ROSEMONT, Ill. (AP) _ Troy Vincent recalls going back to the huddle and forgetting to look at the sideline for the play, even though it was his job to relay the signal.
He mentions the days after one concussion when he couldn't remember phone numbers and kept thinking his car was running. When he sees clips of himself knocked unconscious, he cringes.
``I'm not sure if we _ athletes _ know what a concussion is,'' said Vincent, a veteran defensive back and the president of the NFL Players Association.
The NFL is taking steps to educate players on the subject and make sure they report concussions, implementing a whistle-blower system when training camps start next month. The league hopes that will ease pressure on players to take the field with a concussion.
``It's an important element of what we're trying to accomplish here,'' NFL commissioner Roger Goodell said Tuesday after a conference with medical personnel from every team in the league. ``I have said repeatedly and will continue to say that medical decisions must override any competitive decisions.
``And if anyone feels they are being forced onto the field when they are not ready to play, we want to know about that and look into it.''
Although details need to be worked out with the players union, the new system allows anyone to anonymously report when doctors are pressured to clear players or when players are pressured to play. It's one of several changes the league is making in its effort to manage concussions.
The deaths of four players in recent years have raised awareness of the issue, and the meeting was held to discuss the latest information on treating the condition.
Besides implementing the whistle-blower system, the league will require all players to undergo baseline neuropsychological testing starting this season. Rules requiring players to properly buckle their chin strap will be enforced. And a brochure will be distributed to players to help educate them and their families about concussions.
The league has been examining the issue for 14 years, and medical meetings are not unusual. What set Tuesday's conference apart was its scope and list of speakers, some of whom have been critical of the NFL.
The heightened awareness comes amid studies indicating that players who suffered multiple concussions might be susceptible to neurological disorders later in life. And it comes amid reports suggesting brain damage may have been a factor in the deaths of former Philadelphia Eagles safety Andre Waters and former Pittsburgh Steelers offensive linemen Mike Webster, Terry Long and Justin Strzelczyk in recent years.
Waters committed suicide in November. Long killed himself in 2005. Webster suffered brain damage and was homeless before he died of heart failure in 2002. Strzelczyk crashed his pickup truck while being chased by police in 2004.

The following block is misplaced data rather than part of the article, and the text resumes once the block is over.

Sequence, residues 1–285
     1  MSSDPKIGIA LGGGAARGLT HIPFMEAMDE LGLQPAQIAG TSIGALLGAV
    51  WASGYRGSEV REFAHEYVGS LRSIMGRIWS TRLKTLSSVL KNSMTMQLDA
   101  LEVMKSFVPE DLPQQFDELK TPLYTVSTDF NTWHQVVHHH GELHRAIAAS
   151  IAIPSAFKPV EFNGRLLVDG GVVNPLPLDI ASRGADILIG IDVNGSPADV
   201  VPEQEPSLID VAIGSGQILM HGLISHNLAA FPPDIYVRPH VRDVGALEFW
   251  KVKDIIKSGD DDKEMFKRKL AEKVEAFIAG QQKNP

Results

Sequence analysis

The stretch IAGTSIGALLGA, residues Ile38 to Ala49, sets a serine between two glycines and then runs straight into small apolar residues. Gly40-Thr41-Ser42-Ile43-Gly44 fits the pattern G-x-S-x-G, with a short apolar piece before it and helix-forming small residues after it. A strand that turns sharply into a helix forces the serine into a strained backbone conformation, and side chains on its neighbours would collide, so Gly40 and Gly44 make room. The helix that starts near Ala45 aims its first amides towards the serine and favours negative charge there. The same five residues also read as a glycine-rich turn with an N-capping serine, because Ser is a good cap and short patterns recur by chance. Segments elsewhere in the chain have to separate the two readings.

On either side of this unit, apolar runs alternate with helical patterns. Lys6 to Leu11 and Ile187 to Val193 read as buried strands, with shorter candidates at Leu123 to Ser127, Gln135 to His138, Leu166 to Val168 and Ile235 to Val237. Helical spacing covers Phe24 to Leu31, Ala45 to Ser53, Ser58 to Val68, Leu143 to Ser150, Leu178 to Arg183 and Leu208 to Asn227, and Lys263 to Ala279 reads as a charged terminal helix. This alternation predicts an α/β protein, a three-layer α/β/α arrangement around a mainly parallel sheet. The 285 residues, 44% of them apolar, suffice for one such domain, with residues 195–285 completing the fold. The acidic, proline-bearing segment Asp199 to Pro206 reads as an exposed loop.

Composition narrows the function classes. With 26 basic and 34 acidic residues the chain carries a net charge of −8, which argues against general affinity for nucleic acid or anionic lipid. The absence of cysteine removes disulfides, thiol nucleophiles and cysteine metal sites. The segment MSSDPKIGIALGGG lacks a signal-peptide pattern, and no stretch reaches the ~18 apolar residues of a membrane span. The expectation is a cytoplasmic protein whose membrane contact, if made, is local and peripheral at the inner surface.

``I don't think we can conclude what exactly caused this,'' said Dr. Julian Bailes, a neurosurgeon at West Virginia University and a former Steelers physician who has seen Strzelczyk's pathology report. ``Although if you go through the list of potential causes, certainly trauma to me is No. 1. Is that football trauma? Is that NFL trauma? Is that high school trauma? Is that falling off a bike as a kid? I don't know.''
Bailes also is the medical director at the University of North Carolina's Center for the Study of Retired Athletes, which found in a recent study of more than 2,500 retired NFL players that those who had at least three concussions during their careers had triple the risk of clinical depression as those who had none. And those who recalled having one or two concussions were 1 1/2 times more likely to be diagnosed with depression.
The study involved only those concussions suffered in the NFL, even though players may also have had some during high school and college. Many were active before the league began its concussion management program in the mid-1990s and before studies sponsored by the NFL and NCAA prompted new helmet designs.
The NFL questioned the findings but is conducting its own study on retired players.
Concussions can be difficult to diagnose, and players who were conditioned when they were children to play hurt are reluctant to reveal injuries.
``Who wants to come out of the game?'' wondered Vincent, who has been diagnosed with six or seven concussions in 15 seasons. ``No player wants to sit on the sidelines.''
And if a coach asks if a player is OK?
``When you're asking a player on the sideline if he wants to go back in the game, the answer is going to be yes,'' said Mark Bruener, a member of the NFLPA's board who has been diagnosed with four concussions in 12 seasons.
Former New England linebacker Ted Johnson told The New York Times in February he wasn't given a choice. And now, he's showing signs of early Alzheimer's disease.
Johnson told The Times his mental problems began in 2002 when he had two concussions in four days _ during an exhibition game and then after coach Bill Belichick pushed him to join full-contact practice against the advice of the team's top trainer.
The whistle-blower system might prevent problems. More education should help, too.
``I think players will do a better job policing,'' Vincent said. ``You're in the huddle, you see your colleague's dinged, just tell the official. Now, because of the attention that it's getting, I think the officials will be more aware, and the players in the huddle will be more aware.''